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As the effects of the Covid-19 pandemic hit economies worldwide, South Africa sits between the proverbial rock and a hard place: medical imperatives versus harsh economic realities. John Kinsey, a retired financial services expert, has been watching the effects of the lockdown with mounting concern, and has some ideas about taxation that might create jobs and get the country going again. – Renee Moodie
By John Kinsley*
Two weeks into the original lockdown in mid April 2020 I wrote a short piece entitled ‘Flatten the Curve – But Mind The Gap’. My core argument was that while we needed to be very aware of the medical imperatives, we had to balance that with the reality of the economy as well.
Three months later and my worst fears appear to have been realised as we face a possible decline in GDP of more than 10%, while initial figures show 3 million people may have lost their jobs and many businesses have closed down completely. Some even argue that more people may die of poverty related issues over the next few years in SA than from the virus itself.
So what now? Surely we cannot just freeze like the proverbial deer in the headlights.
‘Debates are often stuck between competing ideological positions rather than developing and driving real practical ideas to grow the economy, improve productivity and provide jobs’ (my underlining).
Government has begun to speak about bold infrastructure development plans to encourage growth and employment. But these plans, as necessary as they are, only tend to have a noticeable impact over the medium to long term. We desperately need some short-term wins as well.
Here are some immediate ‘quick wins’ which I believe could have an almost immediate economic and psychological impact (and we need both right now!) to help arrest the ongoing downward economic spiral:
- Cut VAT to 0% on most food products and basic items. I won’t list the items here but it is fairly obvious what sort of items should be included so as to extend the current zero rated list quite substantially. Hopefully this will give a little more breathing space to the poor. Any retailer found to be increasing prices to try and take advantage of this VAT reduction should be named, shamed and charged if need be.
- Cut company tax for all small and medium sized businesses with annual turnover less than R500 million to just 14% (i.e. by 50%), provided they grow their workforce by at least 10% per annum over the next 5 years. This should be measured as part of the annual audit for each qualifying company.
- Remove the minimum wage completely for all companies with a turnover below R500 million for the next 5 years, after which time a glide path can be agreed back to the minimum wage level provided overall unemployment in SA has reduced sufficiently. Just having a job at the moment is critical.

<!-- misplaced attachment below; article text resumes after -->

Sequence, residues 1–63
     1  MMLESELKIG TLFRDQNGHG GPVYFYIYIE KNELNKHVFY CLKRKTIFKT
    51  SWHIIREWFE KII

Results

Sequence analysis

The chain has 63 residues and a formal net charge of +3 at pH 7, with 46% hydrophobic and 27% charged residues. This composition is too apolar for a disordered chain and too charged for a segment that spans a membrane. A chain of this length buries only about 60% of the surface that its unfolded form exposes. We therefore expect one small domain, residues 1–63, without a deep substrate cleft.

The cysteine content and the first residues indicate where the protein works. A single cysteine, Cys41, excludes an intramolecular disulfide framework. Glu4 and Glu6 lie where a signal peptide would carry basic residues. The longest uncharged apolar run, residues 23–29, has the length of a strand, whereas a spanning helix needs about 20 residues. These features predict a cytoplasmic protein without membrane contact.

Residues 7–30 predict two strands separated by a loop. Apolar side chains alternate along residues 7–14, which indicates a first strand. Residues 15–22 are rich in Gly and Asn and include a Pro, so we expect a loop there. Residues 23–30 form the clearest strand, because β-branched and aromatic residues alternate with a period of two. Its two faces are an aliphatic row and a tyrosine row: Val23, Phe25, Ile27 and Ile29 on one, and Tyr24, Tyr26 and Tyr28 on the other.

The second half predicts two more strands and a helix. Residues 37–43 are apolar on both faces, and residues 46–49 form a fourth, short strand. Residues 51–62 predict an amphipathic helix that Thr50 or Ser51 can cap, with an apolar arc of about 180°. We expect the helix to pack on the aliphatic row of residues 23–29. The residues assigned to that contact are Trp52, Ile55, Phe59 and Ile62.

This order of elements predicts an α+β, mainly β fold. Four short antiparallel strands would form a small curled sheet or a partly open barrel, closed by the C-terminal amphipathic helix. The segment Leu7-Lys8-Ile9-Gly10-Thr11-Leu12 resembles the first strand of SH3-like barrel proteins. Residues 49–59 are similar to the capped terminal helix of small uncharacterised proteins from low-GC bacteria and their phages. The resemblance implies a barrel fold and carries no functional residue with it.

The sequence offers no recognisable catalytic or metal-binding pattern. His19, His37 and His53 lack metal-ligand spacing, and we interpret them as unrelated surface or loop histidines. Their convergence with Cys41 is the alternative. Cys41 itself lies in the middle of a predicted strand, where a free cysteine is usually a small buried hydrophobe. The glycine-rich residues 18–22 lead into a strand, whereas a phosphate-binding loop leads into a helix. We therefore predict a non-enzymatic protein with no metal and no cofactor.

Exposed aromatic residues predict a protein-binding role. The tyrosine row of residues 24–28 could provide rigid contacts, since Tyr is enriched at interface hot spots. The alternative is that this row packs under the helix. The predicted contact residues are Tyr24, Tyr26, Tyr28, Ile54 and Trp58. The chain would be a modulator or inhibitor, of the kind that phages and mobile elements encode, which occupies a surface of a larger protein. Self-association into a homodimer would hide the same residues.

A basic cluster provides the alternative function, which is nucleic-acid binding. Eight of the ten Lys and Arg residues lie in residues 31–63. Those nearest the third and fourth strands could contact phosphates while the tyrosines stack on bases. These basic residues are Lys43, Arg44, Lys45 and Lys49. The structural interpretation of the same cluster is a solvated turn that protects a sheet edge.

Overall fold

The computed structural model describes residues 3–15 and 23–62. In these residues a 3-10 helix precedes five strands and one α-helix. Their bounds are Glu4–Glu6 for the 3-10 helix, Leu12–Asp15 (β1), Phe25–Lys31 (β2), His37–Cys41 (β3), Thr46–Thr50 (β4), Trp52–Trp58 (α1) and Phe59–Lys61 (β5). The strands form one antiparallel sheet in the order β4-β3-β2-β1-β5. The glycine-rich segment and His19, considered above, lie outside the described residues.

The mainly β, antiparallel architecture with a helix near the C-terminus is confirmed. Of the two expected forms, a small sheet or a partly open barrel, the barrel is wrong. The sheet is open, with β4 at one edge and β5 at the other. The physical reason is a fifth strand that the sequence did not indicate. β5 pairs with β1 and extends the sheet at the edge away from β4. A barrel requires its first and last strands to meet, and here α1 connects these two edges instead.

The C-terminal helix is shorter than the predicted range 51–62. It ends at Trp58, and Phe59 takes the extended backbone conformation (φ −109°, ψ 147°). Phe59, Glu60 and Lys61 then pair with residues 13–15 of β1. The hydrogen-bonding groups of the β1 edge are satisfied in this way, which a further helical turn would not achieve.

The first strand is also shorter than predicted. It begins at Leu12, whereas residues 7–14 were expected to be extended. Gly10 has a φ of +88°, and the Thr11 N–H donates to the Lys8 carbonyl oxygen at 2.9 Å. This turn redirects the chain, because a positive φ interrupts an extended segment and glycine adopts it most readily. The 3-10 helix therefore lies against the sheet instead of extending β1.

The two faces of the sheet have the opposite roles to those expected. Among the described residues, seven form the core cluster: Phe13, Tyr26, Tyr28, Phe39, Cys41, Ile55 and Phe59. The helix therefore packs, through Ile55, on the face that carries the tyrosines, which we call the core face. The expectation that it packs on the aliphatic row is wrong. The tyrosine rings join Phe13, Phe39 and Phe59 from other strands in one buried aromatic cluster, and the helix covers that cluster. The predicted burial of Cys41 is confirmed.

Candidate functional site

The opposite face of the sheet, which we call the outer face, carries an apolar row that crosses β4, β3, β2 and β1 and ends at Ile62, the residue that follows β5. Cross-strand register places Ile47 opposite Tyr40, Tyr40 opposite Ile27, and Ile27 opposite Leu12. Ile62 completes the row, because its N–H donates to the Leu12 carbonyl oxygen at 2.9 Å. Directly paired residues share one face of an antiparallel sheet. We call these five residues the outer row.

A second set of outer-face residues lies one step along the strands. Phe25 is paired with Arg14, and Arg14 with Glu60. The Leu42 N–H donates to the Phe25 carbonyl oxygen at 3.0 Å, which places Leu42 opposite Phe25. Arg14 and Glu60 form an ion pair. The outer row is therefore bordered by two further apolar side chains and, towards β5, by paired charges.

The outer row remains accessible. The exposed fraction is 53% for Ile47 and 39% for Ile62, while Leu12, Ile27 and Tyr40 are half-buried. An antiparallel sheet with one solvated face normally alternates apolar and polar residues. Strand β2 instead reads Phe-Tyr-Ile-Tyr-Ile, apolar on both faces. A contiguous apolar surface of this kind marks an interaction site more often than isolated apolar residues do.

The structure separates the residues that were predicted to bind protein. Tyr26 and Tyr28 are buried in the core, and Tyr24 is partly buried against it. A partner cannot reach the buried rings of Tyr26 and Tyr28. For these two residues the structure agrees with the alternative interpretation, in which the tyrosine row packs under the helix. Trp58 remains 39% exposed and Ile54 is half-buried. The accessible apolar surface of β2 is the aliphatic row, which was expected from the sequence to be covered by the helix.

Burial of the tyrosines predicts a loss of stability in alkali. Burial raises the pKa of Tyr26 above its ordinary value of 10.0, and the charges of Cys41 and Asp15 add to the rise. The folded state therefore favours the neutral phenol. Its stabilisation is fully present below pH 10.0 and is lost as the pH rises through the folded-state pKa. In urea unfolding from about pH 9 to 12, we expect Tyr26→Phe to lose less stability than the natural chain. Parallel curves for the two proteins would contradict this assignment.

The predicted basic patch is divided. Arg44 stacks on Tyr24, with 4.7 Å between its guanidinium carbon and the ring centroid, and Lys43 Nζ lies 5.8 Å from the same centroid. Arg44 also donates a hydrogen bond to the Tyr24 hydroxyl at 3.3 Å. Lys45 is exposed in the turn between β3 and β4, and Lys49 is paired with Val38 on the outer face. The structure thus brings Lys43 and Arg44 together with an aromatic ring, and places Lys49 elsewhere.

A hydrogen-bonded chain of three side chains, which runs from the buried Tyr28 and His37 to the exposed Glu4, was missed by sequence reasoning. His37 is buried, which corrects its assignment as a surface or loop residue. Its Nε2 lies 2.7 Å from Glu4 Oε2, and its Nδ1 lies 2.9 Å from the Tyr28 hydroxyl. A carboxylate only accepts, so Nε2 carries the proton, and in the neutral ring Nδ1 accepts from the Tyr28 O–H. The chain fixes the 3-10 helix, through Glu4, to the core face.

What will this achieve?
Well, if you look at the table below a basic manufacturing business with an annual turnover of R200 million, employing 50 largely unskilled staff and a net profit margin of just 5% before tax, made a profit after tax of R7,2 million last year. But if that company grows turnover by just 5% and under the new incentive employs at least another 5 people over the next year at average monthly salaries of say R3 000, the net profits after tax will jump to R8,9 million by 2021.
Assumptions: 1. Turnover growth is compounded at 5% pa 2. PBT is calculated on a 5% margin plus the cost of new employees in 2021-2025 3. Current company tax rate is 28% 4. Incentive company tax rate is 14% 5. Extra staff begin at an average monthly wage of R3000 in 2021, rising to R3500 by 2025
By 2025, assuming the same turnover growth and profit margins and with staff growing by 10% pa, the profit after tax will have grown to nearly R10 million (or by 38% over the period). But, and here is the key, the number of employees will have grown to at least 80 (or by 60% over the period). Multiply that by just 1000 qualifying business and you have begun to reduce unemployment meaningfully.
Many people might argue that we already have a fiscal deficit so we cannot afford to reduce taxes at all. Wrong. You cannot improve tax revenue over time by simply increasing taxes. You must first grow the economy thus producing increasing profits which are then subject to tax.
Please don’t be slow to claim some quick wins Minister Mboweni!
- Having initially qualified in the legal profession, John spent 30 years in the financial services industry, retiring in 2015 where he was the MD of the retail business of one of SA’s larger investment managers. John remains a non-executive director of a number of companies in the financial services sector.
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